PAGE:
Monday, January 25, 2010

Rule changes for soccer, part 4: enforcement of offsides

The offside rule is one of soccer's finest. But it has a major problem: it is quite literally impossible for one person to enforce accurately, because it requires simultaneous visual attention at two different locations. With the simple pressing of a button, though, the offside rule can be salvaged.

Thursday, January 21, 2010

Piano sound

Well, then, back to something about which I can claim to have a modicum of authority! It's common, when one hears a musician of any stripe, to comment on the overall quality of his or her "sound," and this is no different for pianists. In fact, some pianists have such distinctive ways of playing that they each have a characteristic and recognizable sound that separates their playing from other pianists. With enough listening, one acquires the impression that each note a certain pianist plays could belong only to that pianist.

But in fact, the impression that different pianists have a distinctive sound in this way is an illusion. On other instruments, a musician can create a characteristic timbre with his or her own playing. Timbre refers to the spectrum of overtones above a fundamental frequency and the variations in the amplitude of these overtones through time. Different spacings of overtones are what give each instrument and each voice its characteristic tone, as well as different members of the same instrument, and different musicians on the same instrument. Different string players vibrate differently; everyone's voice resonates in a body that is slightly different.

Unlike on a string or wind instrument, or voice, though, there's not much a pianist can do with any one note to make it unique in the same way.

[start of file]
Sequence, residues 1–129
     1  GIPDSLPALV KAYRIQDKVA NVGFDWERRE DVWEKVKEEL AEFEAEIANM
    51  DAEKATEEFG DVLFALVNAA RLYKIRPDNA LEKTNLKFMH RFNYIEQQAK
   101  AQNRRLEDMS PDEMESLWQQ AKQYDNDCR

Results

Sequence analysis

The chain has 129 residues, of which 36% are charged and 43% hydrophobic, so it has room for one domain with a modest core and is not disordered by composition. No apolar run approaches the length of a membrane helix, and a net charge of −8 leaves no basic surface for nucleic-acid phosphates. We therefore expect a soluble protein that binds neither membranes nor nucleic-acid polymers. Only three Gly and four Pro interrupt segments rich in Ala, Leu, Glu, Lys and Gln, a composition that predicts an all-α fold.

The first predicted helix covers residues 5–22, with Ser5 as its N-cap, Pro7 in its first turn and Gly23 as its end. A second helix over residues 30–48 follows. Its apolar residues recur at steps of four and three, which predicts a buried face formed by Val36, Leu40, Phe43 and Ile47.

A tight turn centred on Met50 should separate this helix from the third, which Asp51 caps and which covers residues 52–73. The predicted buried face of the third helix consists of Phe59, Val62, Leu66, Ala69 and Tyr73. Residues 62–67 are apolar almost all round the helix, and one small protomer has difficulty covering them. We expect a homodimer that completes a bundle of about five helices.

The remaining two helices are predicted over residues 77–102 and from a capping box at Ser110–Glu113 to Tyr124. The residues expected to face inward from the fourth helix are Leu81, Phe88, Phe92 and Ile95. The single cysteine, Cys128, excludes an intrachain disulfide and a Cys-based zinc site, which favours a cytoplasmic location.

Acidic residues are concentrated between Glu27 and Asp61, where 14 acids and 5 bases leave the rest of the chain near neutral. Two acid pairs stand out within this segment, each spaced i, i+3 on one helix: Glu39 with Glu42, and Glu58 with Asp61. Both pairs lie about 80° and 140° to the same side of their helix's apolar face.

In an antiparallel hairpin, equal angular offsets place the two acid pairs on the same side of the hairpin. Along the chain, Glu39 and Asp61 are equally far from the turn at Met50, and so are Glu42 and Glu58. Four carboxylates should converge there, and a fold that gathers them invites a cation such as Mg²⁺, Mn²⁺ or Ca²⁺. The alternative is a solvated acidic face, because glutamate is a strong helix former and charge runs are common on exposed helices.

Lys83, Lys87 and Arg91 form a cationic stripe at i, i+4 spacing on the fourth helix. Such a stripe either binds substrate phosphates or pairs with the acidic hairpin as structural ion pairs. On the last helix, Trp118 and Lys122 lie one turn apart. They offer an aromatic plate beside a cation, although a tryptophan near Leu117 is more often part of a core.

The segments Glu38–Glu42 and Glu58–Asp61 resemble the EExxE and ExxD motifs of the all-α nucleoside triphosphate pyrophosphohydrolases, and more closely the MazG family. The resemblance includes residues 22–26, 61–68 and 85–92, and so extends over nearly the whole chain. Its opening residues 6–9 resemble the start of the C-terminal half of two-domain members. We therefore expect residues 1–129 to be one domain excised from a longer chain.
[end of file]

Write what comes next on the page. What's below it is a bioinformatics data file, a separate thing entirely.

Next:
The twisted economics of finance

I was reading this article the other day in the New Yorker about the aftermath of the financial meltdown last year. Since it's actually only available for subscribers, a quick summary might be: lots of "Chicago-school" economists have radically changed their thinking about the economy since the crash, and those who haven't are crazy. These economists were the dominant intellectual force behind the successful laissez-faire, pro-market, anti-regulation economic policy crusades of the 80s onward.

In the article, author John Cassidy talks about "rational expectations" theories of economics, which, simply put, hypothesize that people have a "true" model of the economy in their little heads and factor in all the variables of this model (whatever the hell it may actually be) when they make economic decisions. One of the economists in the story, Eugene Fama, claims that in the stockmarket, people's behavior, both in the run-up to and aftermath of the financial crisis, was largely rational. This claim is insane for a few reasons, but it reminded me specifically of an argument my father and I had with my mother some ten years ago about stocks (my mother, by the way, is a real life economist, but not a crazy one).

Tuesday, January 12, 2010

Prop 8 lawsuit

Today was the first day of a federal trial challenging the constitutionality of California's Proposition 8. Here's a passionate defense of the lawsuit by conservative challenger Ted Olson. Andrew Sullivan (one of my favorite political commentators, a homosexual himself) also comments about it here, and generally keeps up-to-date with interesting stuff on his blog.

Most people, liberal and conservative alike, expect the amendment's challengers to lose and the amendment to stand. The case is most interesting for me fro showing--and I say this with some apprehension--that the Constitution will always be no more progressive than the people reading it.

Wednesday, January 6, 2010

vacation over: a rude welcome back to the real world

So my long vacation comes to an end. I was going to write about music on Monday night; however, that was before I was hit by a car while biking home. Don't worry, I'm totally fine, which makes me really lucky! In addition, now I get to write about how awesome my hospital experience was!